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For science fair, I need three programs that count to 50,000 and output each number as they do, I need one in c++, one in java, and one in assembly. I have the c++ and java programs, but I don't see what I'm doing wrong for my assembly code:

    [org 0x100]
    [bits 32]

    mov ax, 0
    mov bx, target
    jmp start

    start:
    mov cx, 0x01
    add ax, cx
    mov dx, ax
    mov ah, 09
    int 0x21
    mov ax, dx
    cmp ax, bx
    jg term
    jmp start

    term:
    mov dx, msgT
    mov ah, 09
    int 0x21
    mov ah, 00
    int 0x21

    msgT db 'Terminating'
    target dw 50000

I am using the assembler NASM, and right now, it counts to 50,000 but doesn't output each number as it calculates them.

share|improve this question
    
On what platform are you running this? –  Pascal Cuoq Nov 6 '11 at 15:13
    
sorry I forgot to include that. I'm running it on windows 7 –  JAW1025 Nov 6 '11 at 15:14
3  
If you're trying to make a 16-bit MS-DOS com file, you should be using [bits 16]. And as @Vlad says AH=09h takes a string in DX not a number (see e.g. here on how to convert a number to string, also note that you'll have to $-terminate the string instead of NUL-terminate it). –  user786653 Nov 6 '11 at 15:21
    
So using the above method, you'd just change bufferend: db 0 to bufferend: db $, then go on doing what he suggested? –  JAW1025 Nov 6 '11 at 16:30

3 Answers 3

up vote 3 down vote accepted

Copied from my comment:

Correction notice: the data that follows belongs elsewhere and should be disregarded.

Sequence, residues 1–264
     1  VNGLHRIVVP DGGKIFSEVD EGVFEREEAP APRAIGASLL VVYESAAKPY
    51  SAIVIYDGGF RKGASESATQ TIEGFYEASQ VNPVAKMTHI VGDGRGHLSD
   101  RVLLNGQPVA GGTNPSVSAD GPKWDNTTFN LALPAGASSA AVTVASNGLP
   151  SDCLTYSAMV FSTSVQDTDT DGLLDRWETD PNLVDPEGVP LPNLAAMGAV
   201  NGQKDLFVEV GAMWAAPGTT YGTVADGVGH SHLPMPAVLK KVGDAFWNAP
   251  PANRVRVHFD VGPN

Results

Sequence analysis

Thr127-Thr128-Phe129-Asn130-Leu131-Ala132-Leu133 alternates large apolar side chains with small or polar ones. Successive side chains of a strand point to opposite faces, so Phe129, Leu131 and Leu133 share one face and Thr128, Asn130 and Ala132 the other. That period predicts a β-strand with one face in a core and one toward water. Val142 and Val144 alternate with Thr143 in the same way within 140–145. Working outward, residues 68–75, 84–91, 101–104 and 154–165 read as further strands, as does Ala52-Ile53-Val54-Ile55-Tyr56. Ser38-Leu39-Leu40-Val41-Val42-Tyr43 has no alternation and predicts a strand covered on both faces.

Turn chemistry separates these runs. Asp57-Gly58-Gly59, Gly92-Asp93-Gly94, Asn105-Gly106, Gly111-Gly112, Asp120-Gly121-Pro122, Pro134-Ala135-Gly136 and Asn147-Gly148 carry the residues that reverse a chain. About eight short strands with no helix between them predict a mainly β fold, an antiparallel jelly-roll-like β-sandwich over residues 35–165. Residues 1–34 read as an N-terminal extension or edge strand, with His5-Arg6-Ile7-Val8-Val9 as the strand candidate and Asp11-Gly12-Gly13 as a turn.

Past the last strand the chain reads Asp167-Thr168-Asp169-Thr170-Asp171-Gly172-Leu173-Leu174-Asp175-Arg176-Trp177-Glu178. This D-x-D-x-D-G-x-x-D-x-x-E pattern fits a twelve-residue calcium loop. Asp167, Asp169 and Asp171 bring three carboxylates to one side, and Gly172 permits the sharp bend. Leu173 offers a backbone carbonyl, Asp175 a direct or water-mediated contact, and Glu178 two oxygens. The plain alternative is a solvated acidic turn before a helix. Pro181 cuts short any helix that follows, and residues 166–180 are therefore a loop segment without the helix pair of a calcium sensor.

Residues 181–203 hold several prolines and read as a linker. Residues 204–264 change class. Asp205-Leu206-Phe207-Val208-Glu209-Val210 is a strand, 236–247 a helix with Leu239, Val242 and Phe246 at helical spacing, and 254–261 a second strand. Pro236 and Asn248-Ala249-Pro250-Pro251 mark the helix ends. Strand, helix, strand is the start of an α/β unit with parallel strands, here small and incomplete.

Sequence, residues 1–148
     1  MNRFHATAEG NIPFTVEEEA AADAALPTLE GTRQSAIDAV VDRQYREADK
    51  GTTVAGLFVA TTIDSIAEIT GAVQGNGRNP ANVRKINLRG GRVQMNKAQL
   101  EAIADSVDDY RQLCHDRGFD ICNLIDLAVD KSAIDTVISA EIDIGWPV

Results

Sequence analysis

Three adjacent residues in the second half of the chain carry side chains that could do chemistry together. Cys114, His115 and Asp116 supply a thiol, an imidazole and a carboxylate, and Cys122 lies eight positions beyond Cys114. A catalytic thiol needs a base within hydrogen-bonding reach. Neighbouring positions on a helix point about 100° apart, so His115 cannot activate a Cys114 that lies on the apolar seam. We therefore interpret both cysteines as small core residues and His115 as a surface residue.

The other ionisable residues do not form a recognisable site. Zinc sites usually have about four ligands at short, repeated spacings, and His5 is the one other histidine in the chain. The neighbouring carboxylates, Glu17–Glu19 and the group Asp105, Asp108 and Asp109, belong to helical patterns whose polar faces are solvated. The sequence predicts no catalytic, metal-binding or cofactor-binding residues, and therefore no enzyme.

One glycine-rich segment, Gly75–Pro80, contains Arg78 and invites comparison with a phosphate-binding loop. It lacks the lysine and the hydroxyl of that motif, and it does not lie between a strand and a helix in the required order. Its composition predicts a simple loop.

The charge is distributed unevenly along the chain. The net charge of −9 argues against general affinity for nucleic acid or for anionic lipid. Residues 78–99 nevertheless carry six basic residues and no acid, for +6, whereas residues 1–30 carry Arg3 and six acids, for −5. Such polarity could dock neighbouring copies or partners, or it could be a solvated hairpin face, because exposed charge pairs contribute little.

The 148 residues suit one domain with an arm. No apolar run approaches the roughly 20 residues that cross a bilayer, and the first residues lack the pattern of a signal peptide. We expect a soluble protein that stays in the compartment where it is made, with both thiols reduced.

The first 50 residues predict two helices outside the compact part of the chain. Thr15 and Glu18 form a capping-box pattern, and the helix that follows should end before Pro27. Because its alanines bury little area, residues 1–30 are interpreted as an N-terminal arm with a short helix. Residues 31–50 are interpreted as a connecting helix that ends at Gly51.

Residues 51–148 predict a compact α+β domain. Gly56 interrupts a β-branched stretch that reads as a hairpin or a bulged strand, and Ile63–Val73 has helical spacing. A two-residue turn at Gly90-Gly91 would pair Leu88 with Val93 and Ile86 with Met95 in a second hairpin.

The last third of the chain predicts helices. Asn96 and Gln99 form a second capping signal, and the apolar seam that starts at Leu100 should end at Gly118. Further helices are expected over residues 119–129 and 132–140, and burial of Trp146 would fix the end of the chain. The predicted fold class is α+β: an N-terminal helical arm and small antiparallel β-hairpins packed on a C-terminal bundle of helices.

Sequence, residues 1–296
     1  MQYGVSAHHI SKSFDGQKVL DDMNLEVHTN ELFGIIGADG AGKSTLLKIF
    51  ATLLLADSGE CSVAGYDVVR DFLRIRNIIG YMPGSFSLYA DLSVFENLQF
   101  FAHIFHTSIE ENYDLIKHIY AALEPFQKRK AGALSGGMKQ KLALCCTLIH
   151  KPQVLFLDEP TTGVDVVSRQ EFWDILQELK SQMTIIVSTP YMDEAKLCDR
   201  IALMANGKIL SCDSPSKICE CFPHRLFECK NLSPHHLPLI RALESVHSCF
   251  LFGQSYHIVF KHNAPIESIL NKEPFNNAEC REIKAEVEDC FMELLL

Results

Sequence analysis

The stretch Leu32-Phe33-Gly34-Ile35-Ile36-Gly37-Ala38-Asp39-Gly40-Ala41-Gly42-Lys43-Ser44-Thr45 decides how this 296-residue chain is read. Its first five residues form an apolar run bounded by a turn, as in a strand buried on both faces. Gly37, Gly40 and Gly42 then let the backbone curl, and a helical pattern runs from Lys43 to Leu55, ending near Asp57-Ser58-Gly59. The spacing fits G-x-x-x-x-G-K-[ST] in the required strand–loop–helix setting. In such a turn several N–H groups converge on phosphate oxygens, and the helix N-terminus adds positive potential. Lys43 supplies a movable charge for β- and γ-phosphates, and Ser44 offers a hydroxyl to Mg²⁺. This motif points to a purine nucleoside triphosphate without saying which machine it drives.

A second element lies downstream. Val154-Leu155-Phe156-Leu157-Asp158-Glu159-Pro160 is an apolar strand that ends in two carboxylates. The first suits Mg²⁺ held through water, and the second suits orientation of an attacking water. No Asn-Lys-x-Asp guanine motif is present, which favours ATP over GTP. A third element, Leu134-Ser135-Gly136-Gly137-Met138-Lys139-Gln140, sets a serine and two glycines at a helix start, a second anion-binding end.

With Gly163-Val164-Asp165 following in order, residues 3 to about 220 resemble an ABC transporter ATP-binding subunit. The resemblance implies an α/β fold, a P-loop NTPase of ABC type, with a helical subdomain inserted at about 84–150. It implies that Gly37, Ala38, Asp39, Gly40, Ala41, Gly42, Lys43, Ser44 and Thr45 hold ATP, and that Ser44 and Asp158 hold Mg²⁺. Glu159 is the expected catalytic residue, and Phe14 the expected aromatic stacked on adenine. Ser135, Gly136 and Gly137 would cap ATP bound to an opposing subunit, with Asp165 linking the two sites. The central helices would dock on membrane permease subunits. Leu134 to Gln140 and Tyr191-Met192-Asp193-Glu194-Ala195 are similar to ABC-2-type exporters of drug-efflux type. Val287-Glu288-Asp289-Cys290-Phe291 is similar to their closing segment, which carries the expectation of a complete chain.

If you're trying to make a 16-bit MS-DOS com file, you should be using [bits 16]. And as @Vlad says AH=09h takes a string in DX not a number (see e.g. here on how to convert a number to string, also note that you'll have to $-terminate the string instead of NUL-terminate it).

Some other things:

  • mov bx, target moves the address of target to bx. You wanted: mov bx, [target].
  • jg term is branching based on signed comparison (you're effectively comparing ax to -15536). You want ja term.
  • You need to make sure to preserve the number, keeping it in a register requires extreme care. It's easier to just save it on the stack.

The basic structure of your program should be something like this:

    [org 0x100] ; DOS .COM files are loaded at CS:0100h
    [bits 16]   ; And are 16-bits

start:
    mov ax, 0          ; The current count
printloop:
    push ax            ; Save current number 

    call myconvertfunc ; Some function to convert a number in ax and return a '$'-terminated string in dx
    mov ah, 0x09
    int 0x21

    mov dx, newline    ; Point dx to newline string
    mov ah, 0x09       ; Print $-terminated string in dx
    int 0x21

    pop ax             ; Restore current number

    inc ax             ; Next number 
    cmp ax, 50000      ; Compare number to the maximum number 
    jbe printloop      ; Notice branching based on unsigned comparison is needed

    mov ax, 0x4c00     ; Return 0. AH=4Ch AL=Return value
    int 0x21

newline: db 13, 10, '$' ; String containing "\r\n$"
share|improve this answer
    
Thanks for the help, I now see my mistakes, and I will give your method a try. –  JAW1025 Nov 6 '11 at 17:28
    
Is there a way to increment Si to the end of a string? I need it for the 'my convert func'. –  JAW1025 Nov 6 '11 at 20:22
    
Do you mean like inc si or the equivalent add si, 1 or do you want to increase the value in the address pointed to by si? in that case it's inc [si]. Or move to the end of the string? that's just a loop incrementing si and doing cmp [si], SOME_VALUE to check if the end is reached. –  user786653 Nov 6 '11 at 20:28